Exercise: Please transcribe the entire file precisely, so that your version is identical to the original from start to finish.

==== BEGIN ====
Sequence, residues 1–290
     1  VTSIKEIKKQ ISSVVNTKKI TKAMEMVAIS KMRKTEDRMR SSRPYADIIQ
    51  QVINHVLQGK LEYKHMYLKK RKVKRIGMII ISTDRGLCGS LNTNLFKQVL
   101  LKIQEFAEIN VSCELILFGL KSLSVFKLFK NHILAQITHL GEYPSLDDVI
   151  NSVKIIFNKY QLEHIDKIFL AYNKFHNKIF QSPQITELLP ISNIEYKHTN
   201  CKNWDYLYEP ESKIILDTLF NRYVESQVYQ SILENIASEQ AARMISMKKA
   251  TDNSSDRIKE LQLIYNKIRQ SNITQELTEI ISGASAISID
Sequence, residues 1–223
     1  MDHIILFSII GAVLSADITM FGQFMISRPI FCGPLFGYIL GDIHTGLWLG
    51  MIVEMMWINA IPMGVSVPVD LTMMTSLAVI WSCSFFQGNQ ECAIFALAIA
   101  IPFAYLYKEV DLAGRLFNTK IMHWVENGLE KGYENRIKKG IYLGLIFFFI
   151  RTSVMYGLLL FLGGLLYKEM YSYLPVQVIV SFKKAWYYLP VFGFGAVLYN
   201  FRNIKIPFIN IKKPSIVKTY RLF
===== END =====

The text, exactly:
Sequence, residues 1–290
     1  VTSIKEIKKQ ISSVVNTKKI TKAMEMVAIS KMRKTEDRMR SSRPYADIIQ
    51  QVINHVLQGK LEYKHMYLKK RKVKRIGMII ISTDRGLCGS LNTNLFKQVL
   101  LKIQEFAEIN VSCELILFGL KSLSVFKLFK NHILAQITHL GEYPSLDDVI
   151  NSVKIIFNKY QLEHIDKIFL AYNKFHNKIF QSPQITELLP ISNIEYKHTN
   201  CKNWDYLYEP ESKIILDTLF NRYVESQVYQ SILENIASEQ AARMISMKKA
   251  TDNSSDRIKE LQLIYNKIRQ SNITQELTEI ISGASAISID
Sequence, residues 1–223
     1  MDHIILFSII GAVLSADITM FGQFMISRPI FCGPLFGYIL GDIHTGLWLG
    51  MIVEMMWINA IPMGVSVPVD LTMMTSLAVI WSCSFFQGNQ ECAIFALAIA
   101  IPFAYLYKEV DLAGRLFNTK IMHWVENGLE KGYENRIKKG IYLGLIFFFI
   151  RTSVMYGLLL FLGGLLYKEM YSYLPVQVIV SFKKAWYYLP VFGFGAVLYN
   201  FRNIKIPFIN IKKPSIVKTY RLF